Forum for Science, Industry and Business

Sponsored by:     3M 
Search our Site:

 

Highlight of the Polarstern Expedition

29.07.2010
Autonomous Underwater Vehicle of the Alfred Wegener Institute dives under the Arctic ice for the first time

The Alfred Wegener Institute for Polar and Marine Research in the Helmholtz Association for the first time sent its Autonomous Underwater Vehicle (AUV) on an under-ice mission at about 79° North. The four-metre-long, torpedo shaped underwater vehicle was deployed from the research icebreaker Polarstern under heavy pack ice. The vehicle was subsequently recovered by helicopter.

"We are one of the world's first working groups to have successfully carried out such an under-ice mission, a goal we have been working hard to achieve," says Dr. Thomas Soltwedel, the chief scientist of the expedition. "The samples and data obtained will shed a new light on phytoplankton production in the transition area between the permanently ice-covered Arctic Ocean and its ice-free marginal zone. Autonomous underwater vehicles are opening up new possibilities to investigate the ice-covered polar seas - areas that are of pivotal importance in climate research."

The underwater vehicle reaches a maximum depth of 3000 metres. It can travel a total distance of 70 kilometres at an average speed of five to six kilometres per hour. The planned course, desired depth and surfacing position are all entered into the AUV’s computer before deployment. The vehicle then carries out its mission independently, with no connection to the research vessel.

The autonomous submersible of the Alfred Wegener Institute was equipped with various measuring instruments, which continuously recorded and stored temperature and salinity data during the hour-long dive. A light sensor captured the photosynthetically active radiation in the surface layer of the ocean. A so-called fluorometer continuously recorded the distribution of micro-algae along the vehicle’s track. A newly developed sampling system collected 22 water samples at discrete time intervals, for later analysis.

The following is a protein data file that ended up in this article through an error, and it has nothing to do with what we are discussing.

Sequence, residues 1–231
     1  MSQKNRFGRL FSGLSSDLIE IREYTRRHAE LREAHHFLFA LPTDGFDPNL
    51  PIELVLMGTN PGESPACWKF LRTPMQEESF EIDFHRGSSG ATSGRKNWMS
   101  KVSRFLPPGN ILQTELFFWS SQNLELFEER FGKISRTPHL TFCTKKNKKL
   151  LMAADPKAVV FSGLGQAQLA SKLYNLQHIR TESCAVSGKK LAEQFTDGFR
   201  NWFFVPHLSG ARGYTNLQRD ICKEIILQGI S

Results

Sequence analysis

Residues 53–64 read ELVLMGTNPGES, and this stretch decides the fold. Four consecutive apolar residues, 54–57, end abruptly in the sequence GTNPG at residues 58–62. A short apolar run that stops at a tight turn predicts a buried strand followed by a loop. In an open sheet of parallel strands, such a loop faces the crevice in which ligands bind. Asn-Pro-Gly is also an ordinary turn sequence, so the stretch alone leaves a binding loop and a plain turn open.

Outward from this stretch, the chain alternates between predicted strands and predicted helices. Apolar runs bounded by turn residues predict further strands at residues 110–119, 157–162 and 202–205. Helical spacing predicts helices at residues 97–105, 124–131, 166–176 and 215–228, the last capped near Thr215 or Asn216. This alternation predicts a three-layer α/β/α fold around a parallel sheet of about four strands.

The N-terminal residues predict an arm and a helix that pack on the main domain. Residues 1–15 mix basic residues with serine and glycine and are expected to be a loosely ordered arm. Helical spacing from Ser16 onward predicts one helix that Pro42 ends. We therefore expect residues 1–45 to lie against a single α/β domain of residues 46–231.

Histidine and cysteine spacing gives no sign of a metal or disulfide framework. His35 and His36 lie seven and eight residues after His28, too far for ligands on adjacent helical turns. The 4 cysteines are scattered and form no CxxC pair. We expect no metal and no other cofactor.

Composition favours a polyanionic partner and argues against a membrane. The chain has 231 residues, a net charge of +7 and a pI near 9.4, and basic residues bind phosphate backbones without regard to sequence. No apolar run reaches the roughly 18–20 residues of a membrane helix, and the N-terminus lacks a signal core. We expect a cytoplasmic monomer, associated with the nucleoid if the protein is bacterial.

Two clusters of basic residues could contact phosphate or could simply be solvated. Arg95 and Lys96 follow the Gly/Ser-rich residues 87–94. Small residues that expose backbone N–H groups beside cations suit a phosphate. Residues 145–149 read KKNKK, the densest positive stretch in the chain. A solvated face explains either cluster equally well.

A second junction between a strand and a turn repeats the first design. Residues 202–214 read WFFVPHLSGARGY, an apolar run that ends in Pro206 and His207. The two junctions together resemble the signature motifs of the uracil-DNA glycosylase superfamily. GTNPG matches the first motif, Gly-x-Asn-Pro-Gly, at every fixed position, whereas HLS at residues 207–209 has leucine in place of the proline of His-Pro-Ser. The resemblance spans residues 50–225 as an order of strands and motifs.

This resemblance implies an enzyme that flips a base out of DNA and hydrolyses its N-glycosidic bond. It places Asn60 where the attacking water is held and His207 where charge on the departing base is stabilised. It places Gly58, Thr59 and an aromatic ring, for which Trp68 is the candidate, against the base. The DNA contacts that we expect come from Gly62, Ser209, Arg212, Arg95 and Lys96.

The research vessel Polarstern is on its 25th Arctic expedition. The current cruise leg began in Longyearbyen (Spitsbergen) on the 30th June and will end in Reykjavik (Iceland) on the 29th July. Fifty scientists carried out long-term biological studies and oceanographic measurements for numerous national and international projects in the so-called HAUSGARTEN and in the Fram Strait. The HAUSGARTEN of the Alfred Wegener Institute is a long-term deep-sea observatory, which the scientists have set up to investigate the reactions of the marine Arctic ecosystem to global climate change.

The third leg, which is planned to carry out geoscience research in the northern Baffin Bay (Canada), begins in Reykjavik on the 31st July. Polarstern is expected back in Bremerhaven on the 10th October 2010.

Notes for Editors: Your contact person at the Alfred Wegener Institute is Margarete Pauls, Department of Communications and Media Relations (phone +49 (0) 471 4831-1180, e-mail: medien@awi.de. Please find printable images at http://www.awi.de.

The Alfred Wegener Institute conducts research in the Arctic, Antarctic and oceans of the high and mid latitudes. It coordinates polar research in Germany and provides major infrastructure to the international scientific community, such as the research icebreaker Polarstern and stations in the Arctic and Antarctic. The Alfred Wegener Institute is one of the sixteen research centres of the Helmholtz Association, the largest scientific organisation in Germany.

Margarete Pauls | idw
Further information:
http://www.awi.de

More articles from Earth Sciences: